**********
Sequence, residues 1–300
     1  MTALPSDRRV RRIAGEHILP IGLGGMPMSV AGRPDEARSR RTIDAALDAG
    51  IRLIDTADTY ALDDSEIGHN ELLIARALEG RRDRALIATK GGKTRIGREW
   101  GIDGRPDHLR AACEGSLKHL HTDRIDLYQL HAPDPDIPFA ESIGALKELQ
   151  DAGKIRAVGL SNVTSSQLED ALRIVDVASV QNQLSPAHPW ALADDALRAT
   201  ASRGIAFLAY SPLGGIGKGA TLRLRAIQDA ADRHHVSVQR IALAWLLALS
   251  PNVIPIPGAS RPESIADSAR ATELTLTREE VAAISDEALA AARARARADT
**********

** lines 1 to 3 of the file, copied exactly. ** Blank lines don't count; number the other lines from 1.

Sequence, residues 1–300
     1  MTALPSDRRV RRIAGEHILP IGLGGMPMSV AGRPDEARSR RTIDAALDAG
    51  IRLIDTADTY ALDDSEIGHN ELLIARALEG RRDRALIATK GGKTRIGREW